Police have 'big task' ahead in Snook case; psychologist
Dr. Mary Ann Campbell says victims memories can become 'distorted' over time
A criminal psychologist says police will face challenges weighing evidence in the investigation of former Saint John councillor Donnie Snook.
Dr. Mary Ann Campbell, director of the Centre for Criminal Justice Studies at University of New Brunswick Saint John, said memory can become distorted by conversations alleged victims have had with others and by things they have read or seen since the original incident.
"Is this distorted memory? Is this real memory?" she asks. "Are the dates that are being recalled, are they the accurate dates? And also, is there anyone else who can corroborate the complainants statement which would give extra credibility to that account."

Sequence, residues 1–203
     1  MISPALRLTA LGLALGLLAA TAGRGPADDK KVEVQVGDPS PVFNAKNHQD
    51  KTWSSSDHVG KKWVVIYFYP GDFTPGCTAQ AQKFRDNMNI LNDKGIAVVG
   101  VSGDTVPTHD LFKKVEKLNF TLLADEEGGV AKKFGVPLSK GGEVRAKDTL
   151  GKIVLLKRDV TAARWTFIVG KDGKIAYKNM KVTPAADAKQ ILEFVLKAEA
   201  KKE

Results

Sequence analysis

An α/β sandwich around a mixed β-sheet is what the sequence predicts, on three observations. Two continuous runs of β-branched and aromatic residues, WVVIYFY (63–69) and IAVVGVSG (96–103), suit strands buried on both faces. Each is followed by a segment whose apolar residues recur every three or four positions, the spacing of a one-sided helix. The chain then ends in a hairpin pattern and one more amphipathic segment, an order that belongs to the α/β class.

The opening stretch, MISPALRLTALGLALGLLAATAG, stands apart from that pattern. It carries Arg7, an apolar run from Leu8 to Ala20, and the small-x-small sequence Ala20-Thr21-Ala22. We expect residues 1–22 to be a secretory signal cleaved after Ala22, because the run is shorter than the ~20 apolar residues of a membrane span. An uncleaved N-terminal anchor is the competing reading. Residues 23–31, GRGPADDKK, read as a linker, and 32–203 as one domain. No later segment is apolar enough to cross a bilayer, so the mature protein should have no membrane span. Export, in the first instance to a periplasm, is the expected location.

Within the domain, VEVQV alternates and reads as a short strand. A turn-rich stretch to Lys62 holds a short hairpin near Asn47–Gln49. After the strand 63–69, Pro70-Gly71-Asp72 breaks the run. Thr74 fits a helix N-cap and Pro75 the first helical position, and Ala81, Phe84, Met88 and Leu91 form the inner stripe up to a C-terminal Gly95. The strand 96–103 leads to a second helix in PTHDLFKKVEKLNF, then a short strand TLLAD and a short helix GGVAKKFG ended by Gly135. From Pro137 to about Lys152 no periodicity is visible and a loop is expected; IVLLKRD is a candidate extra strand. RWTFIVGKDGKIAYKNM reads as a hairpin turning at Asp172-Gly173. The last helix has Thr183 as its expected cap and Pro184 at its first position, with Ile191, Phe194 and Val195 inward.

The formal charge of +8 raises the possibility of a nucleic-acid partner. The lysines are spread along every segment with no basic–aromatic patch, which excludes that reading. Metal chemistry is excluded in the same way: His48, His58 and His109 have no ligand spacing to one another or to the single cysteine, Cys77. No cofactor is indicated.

Police said on Saturday that since Snook's Jan. 9 arrest on sex charges, several more people have come forward with new allegations.
Saint John police announced they are joining forces with the RCMP's Internet Child Exploitation Unit to form a Joint Forces Operation to identify potential victims in seized computer images.
The Joint Forces Operation will also investigate several new complaints against Snook that have arisen since his arrest. In the statement released on Saturday, police said the officers involved have special training in these types of investigations.
Campbell said that expertise will be important because of what are likely to be the historic nature of the complaints.
Police have asked for anyone with information about the Snook investigation to contact them.